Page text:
New York City based bongocero and four time Grammy Award winner Jorge Gonzalez was surrounded by music from birth. The son of Puerto Rican parents, his father, Juan Gonzalez Jr., was a talented percussionist who performed with various Latin groups in the 1950s. “My dad always had instruments lying around the house,” says Jorge. “He’d teach me little by little. But mostly I learned just by watching him.”
By the time Jorge was fifteen, he was skilled enough to get his first recording call on a session with Jose Raul Morales and Issy Morales, former trumpet player for Quique Lucas group, which is now the Sonora Poncena. Meanwhile he continued his development by studying the masters. “I loved to listen to Cachao and the Cuban jam sessions,” says Jorge. Yeyito Iglesias, Chuckie Lopez, Manny Oquendo, and Johnny Rodriguez also influenced Jorge. As Jorge got older and his skills increased and got his first big break playing with “El Judio Maravilloso,” Larry Harlow.
It has since evolved into a nearly thirty-year career as a first-call bongocero for Jorge. He’s recorded over one hundred albums, including such Grammy winners as Celia Cruz’ La Negra Tiene Tumbao, Spanish Harlem Orchestra’s Viva La Tradicion, Ray Barretto’s Soy Dichoso, and Ruben Blades’ Amor Y Control and Todos Vuelven Live Vol 1 y 2. He’s worked with such other greats as Willie Colon, Juan Luis Guerra, Yomo Toro, and Chico Mendoza. He also played on the original cast recording of Paul Simon’s Broadway musical The Capeman. He has also performed with Johnny Pacheco for over 20 years.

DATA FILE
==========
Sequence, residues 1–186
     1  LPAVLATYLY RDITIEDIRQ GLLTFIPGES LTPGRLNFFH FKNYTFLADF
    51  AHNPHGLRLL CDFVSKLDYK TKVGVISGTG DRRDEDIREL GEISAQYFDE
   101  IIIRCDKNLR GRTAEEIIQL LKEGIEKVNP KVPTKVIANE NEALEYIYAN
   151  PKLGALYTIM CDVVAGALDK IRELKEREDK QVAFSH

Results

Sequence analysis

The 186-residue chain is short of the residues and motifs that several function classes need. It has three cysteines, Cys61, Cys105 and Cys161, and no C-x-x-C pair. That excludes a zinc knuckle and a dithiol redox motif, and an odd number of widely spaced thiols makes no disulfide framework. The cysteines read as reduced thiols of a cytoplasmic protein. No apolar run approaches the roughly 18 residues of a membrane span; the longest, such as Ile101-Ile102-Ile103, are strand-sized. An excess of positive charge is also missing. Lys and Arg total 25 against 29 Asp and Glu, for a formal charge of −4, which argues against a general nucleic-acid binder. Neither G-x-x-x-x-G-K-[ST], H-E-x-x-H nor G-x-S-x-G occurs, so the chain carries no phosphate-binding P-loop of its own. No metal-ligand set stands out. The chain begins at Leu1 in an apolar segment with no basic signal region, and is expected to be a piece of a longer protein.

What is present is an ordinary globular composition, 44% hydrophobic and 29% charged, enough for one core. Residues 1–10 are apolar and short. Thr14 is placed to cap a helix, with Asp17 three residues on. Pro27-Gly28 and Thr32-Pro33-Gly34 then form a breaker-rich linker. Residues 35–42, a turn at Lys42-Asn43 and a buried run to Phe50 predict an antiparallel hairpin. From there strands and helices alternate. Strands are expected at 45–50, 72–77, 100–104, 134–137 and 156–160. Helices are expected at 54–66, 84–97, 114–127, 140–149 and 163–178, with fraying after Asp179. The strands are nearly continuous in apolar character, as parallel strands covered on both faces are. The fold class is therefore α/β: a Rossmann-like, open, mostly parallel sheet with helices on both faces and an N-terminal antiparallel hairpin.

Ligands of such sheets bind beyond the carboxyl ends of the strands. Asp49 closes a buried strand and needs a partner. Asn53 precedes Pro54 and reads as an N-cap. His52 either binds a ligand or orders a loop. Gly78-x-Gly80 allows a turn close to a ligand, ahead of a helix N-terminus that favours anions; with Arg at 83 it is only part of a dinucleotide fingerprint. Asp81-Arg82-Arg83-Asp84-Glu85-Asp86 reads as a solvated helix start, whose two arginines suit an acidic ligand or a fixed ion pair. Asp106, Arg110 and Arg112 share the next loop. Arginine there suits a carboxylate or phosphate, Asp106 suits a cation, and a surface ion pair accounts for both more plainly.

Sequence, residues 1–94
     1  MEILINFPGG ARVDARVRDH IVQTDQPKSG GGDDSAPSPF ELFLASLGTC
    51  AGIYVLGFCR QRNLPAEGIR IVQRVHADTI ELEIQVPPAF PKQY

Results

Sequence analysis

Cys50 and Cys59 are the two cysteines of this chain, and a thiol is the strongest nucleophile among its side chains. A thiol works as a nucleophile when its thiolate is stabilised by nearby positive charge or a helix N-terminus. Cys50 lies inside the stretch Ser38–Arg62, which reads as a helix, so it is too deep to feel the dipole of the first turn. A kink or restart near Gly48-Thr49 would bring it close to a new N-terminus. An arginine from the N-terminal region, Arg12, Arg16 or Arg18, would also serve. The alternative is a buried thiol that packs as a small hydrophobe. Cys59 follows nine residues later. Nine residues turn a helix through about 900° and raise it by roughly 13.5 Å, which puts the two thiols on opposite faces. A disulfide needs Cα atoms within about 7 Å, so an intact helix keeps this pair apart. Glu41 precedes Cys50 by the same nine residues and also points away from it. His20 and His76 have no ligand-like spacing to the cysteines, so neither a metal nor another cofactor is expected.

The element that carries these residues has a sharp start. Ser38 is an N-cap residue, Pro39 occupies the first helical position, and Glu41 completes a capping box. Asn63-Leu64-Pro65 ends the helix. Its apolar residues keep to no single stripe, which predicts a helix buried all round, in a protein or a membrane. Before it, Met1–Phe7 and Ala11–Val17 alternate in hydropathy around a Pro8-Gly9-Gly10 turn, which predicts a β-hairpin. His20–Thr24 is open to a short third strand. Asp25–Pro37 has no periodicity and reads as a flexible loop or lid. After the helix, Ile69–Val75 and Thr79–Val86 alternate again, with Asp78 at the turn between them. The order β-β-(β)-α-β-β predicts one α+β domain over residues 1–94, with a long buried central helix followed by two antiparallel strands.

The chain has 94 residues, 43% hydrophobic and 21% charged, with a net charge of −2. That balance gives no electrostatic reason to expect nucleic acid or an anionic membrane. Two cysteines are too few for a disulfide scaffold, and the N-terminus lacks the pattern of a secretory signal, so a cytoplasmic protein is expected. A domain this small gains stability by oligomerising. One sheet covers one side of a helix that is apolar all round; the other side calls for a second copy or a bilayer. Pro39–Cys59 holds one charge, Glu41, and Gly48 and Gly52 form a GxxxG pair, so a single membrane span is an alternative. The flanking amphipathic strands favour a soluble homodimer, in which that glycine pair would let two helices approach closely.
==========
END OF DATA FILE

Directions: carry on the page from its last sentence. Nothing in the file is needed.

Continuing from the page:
One of Jorge’s primary gig these days is with the Grammy Award winning, Spanish Harlem Orchestra, in which he plays bongos as part of a three-man percussion section that also includes LP artist George Delgado. This high-profile gig has taken Jorge across the USA, as well as to Germany, Japan, Spain, Argentina, Columbia, Panama, Chile, and the Caribbean.
Jorge also plays with actor, musician, and activist Ruben Blades. Jorge’s instruments of choice are the LP Eddie Montalvo Signature Bongos. “I like the way they’re constructed,” says Jorge. “They’re durable but not too heavy. And when they have the right skins on them and they’re tuned well, they sound beautiful. I play them seated, in the traditional manner. It’s the most comfortable way for me.”
Jorge has also made guest appearances on LP instructional DVD’s, including Pablo “Chino” Nunez’ The Rhythmic Construction of a Salsa Tune-Vol. 2 and LP Drum Solos Revisited.
By Pete Nater